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Remembering Wyvis Oxendine Sr., A Native American Educator, County Commissioner And Entrepreneur

Wyvis Oxendine Sr. (center back) and his family. (Courtesy of the Oxendine family)
Wyvis Oxendine Sr. (center back) and his family. (Courtesy of the Oxendine family)

For a man who didn’t seek acclaim, Wyvis Oxendine Sr. had a tendency to stand out.

“You would not forget Wyvis Sr. the first time you met him,” said his son, Wyvis Oxendine Jr. “I don’t care if it was a little joke, a little story that he told, when he walked into the room, you knew that his presence was there.”

Wyvis Jr. and his mother sat side-by-side on the tan sofa in the family’s soft-lit living room in the small town of Maxton — not far from the North Carolina-South Carolina state line — on a recent afternoon. The hum of passing cars from the nearby highway punctuated their conversation.

Wyvis Sr. — or Senior as he was affectionately known — was a longtime Robeson County educator, community organizer, county commissioner and entrepreneur. He died of COVID-19 in January at age 74.

As friends and family described, Wyvis Sr. had his hand in countless positive changes in the community. But it’s hard to take stock of his full impact, mostly because he tended not to take credit for it. His friend of more than 40 years and fellow educator Walter Jackson, said some of Wyvis’s best work happened behind the scenes.

“He served without wanting any type of notoriety for the things that he did,” said Jackson.

A Man Of Talent And Tenacious Spirit

Wyvis Sr. had a fierce talent from a young age. He played basketball, volleyball, and was extended an offer to join the Minnesota Twins minor league system. An offer that came a little too late, since he had already signed up to serve in the Air Force.

“That’s him right there with the trophy in his hand, that was the conference championship,” said Wyvis Jr. while looking at a sepia-toned photo of his dad’s big win for Prospect High School in 1965. “And you see all the crowd around, he got MVP of the game.”

Whatever Wyvis Sr. took on, he was tenacious. That drive got him to Harvard graduate school where he pursued a master’s degree in education — no small feat for a Lumbee man from a small, rural community. As Denise explained, it wasn’t always easy.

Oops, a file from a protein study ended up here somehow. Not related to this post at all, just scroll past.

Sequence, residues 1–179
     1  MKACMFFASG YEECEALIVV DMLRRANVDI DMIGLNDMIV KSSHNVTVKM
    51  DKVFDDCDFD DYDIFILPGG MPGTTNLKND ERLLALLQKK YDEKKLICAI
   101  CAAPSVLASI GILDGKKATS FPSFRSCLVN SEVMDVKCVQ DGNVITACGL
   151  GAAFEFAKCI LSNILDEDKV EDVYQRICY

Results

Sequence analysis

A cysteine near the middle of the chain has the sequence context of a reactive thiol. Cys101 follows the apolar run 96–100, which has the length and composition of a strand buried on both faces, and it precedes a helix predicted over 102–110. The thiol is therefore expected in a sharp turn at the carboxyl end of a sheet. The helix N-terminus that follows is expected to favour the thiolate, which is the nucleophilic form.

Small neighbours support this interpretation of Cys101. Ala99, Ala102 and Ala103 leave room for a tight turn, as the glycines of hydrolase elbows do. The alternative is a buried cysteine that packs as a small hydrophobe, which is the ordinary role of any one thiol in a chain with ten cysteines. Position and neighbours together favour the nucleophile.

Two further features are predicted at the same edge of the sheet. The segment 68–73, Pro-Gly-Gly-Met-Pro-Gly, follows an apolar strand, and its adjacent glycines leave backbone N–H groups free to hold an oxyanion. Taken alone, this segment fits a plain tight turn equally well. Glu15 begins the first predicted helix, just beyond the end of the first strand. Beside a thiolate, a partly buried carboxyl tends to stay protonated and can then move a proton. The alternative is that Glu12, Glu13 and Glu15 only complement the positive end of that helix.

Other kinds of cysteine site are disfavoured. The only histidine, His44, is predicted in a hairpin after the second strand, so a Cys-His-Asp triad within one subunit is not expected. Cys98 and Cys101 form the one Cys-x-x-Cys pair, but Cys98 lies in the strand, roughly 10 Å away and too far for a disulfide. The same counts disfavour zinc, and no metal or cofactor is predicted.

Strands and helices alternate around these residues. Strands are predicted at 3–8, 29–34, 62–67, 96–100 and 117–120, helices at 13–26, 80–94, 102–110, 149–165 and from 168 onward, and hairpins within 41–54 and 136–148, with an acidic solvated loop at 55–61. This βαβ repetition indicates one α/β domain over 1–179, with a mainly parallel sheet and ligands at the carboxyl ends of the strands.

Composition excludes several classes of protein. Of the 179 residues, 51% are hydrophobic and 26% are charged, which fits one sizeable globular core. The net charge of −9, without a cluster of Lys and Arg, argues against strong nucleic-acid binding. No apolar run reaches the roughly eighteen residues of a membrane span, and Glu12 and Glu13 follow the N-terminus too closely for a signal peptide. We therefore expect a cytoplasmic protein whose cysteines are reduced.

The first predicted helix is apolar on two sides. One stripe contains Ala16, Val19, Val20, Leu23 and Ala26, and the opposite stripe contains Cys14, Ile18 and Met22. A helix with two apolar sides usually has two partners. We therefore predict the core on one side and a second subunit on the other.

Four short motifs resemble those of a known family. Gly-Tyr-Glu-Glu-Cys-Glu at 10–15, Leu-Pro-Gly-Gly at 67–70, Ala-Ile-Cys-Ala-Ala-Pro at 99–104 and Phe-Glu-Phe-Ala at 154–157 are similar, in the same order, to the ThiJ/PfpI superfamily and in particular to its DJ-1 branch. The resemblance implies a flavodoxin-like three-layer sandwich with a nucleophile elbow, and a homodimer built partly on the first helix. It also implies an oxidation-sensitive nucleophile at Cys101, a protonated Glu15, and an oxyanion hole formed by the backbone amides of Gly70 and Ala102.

“One of his colleagues said, ‘You’ll never make it, [you’re] Native American, you won’t make it.’ And that gave him that extra incentive and that extra push to say, ‘Yes I can and [I’m going to] show you, not just me but for the rest of my people and for the world.’”

Wyvis did make it. He graduated with his master’s in education in 1977, becoming the second member of the Lumbee Tribe and one of the first Native Americans to earn a graduate degree from that university. His professors encouraged him to continue with a doctorate, even offering work in Hawaii. But Denise said he had other obligations.

“He would not do that because he had made a commitment to come back to Robeson County to help our Lumbee people,” she said.

Once home, Wyvis got to work trying to improve opportunities for others in Robeson County. One of his big goals was to balance out educational opportunities for people regardless of race or class.

His friend Jack Morgan was also an educator, then a fellow Robeson County commissioner. He describes one of Wyvis’s biggest accomplishments.

“At one point there were six school systems in Robeson County, and those school systems were all fighting each other,” said Morgan.

The school systems were divided along racial lines, with big differences in resources. Morgan said Wyvis was pivotal in the push for merging the school systems and creating a sense of unity between the factions.

Beyond his work in politics and education, Wyvis Sr.’s biggest act of service may have been more subtle. As his wife Denise described, Wyvis Sr. found small ways to support and lift up the people around him.

“I’ve seen him get 20, 30 phone calls from the afternoon, until he got ready to retire, which might be two o’clock sometimes at night. And not political stuff, just personal stuff,” Denise said. “One time it was a husband and wife having trouble and somebody said ‘He’ll help you if you go to him. He’ll help you.’”

A County Mourns

Robeson County, where Wyvis and many Lumbee live, has been deeply affected by the COVID-19 pandemic. At least one in eight residents in the county contracted COVID.

This winter, the virus swept through the Oxendine family. Senior had pre-existing health conditions including diabetes, high-blood pressure and Alzheimers. He was particularly vulnerable and it didn’t take long for the disease to do its work.

In January, Wyvis Sr.’s family donned masks and gathered for a small graveside ceremony. But Wyvis Jr. said it wasn’t a funeral, but rather a going home celebration.

“We know it was hard, we know it was heartbreaking but we have the belief and the faith that when he said goodbye on this side, he opened his eyes on the other,” Wyvis Jr. said. “He finally made it home. He heard on the other side, ‘Well done my good and faithful servant.’”

This article was originally published on WBUR.org.

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